GENEVA (Reuters) - More than 700,000 Syrian refugees have fled to other countries in the region and aid workers are struggling to keep up with the exodus, the United Nations said on Tuesday.
The number of refugees passed the 500,000 mark on Dec 11, meaning more than 200,000 have fled the war-torn country in the past seven weeks.
“We have seen an unrelenting flow of refugees across all borders. We are running double shifts to register people,” Sybella Wilkes, spokeswoman for the U.N. High Commissioner for Refugees (UNHCR), told Reuters in Geneva.
A total of about 712,000 refugees had registered in other countries in the region or were awaiting processing there as of Tuesday, according to UNHCR figures.
Jordan has 171,033 registered Syrian refugees, as well as 51,729 who await processing, many of who fled fighting around the southern Syrian town of Deraa this month. Lebanon has 158,973 Syrian refugees, and 69,963 awaiting processing.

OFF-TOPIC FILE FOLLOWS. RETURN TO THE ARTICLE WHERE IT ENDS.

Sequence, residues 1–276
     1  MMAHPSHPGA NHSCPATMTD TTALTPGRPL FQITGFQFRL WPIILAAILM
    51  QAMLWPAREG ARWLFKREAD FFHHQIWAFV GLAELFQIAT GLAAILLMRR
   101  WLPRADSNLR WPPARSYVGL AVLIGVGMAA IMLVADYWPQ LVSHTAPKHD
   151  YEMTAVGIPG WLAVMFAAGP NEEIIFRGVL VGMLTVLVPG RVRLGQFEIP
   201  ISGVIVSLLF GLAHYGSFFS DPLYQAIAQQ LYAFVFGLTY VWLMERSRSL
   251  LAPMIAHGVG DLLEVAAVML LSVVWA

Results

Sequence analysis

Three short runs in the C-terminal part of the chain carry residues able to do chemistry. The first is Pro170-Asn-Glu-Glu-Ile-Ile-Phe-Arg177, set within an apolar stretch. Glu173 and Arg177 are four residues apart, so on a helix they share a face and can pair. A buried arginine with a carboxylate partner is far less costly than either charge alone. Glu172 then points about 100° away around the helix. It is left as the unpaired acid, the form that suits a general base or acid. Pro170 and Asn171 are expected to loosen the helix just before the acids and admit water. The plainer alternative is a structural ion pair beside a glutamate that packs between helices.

“We are trying to clear a backlog of people because the numbers have gone up so dramatically (in Jordan and Lebanon),” Wilkes said.
The conflict in Syria, a revolt against President Bashar al-Assad, has lasted for almost two years. Rebels have pushed into major cities like Aleppo and Damascus and taken territory in the north and east, while government forces have bombarded rebel-held areas with artillery and air strikes.
Turkey has 163,161 Syrian refugees in its 15 camps while Iraq hosts 77,415, the UNHCR said. There are 14,375 in Egypt and 5,417 registered across the rest of North Africa.
“The needs are enormous, we can’t get to everyone fast enough,” Wilkes quoted Ninette Kelley, UNHCR representative in Lebanon, as saying on Tuesday.
The United Nations warned on Monday that it would not be able to help millions of Syrians affected by the fighting without more money.
It appealed for donations at an aid conference this week in Kuwait to meet its $1.5 billion target. It has received just 3 percent of that so far.
U.N. refugee chief Antonio Guterres will attend the talks. The UNHCR and its partners are seeking $1 billion for Syrian refugees out of the $1.5 billion sought by the United Nations and has received 18 percent of that total to date, Wilkes said.
Reporting by Stephanie Nebehay; Editing by Pravin Char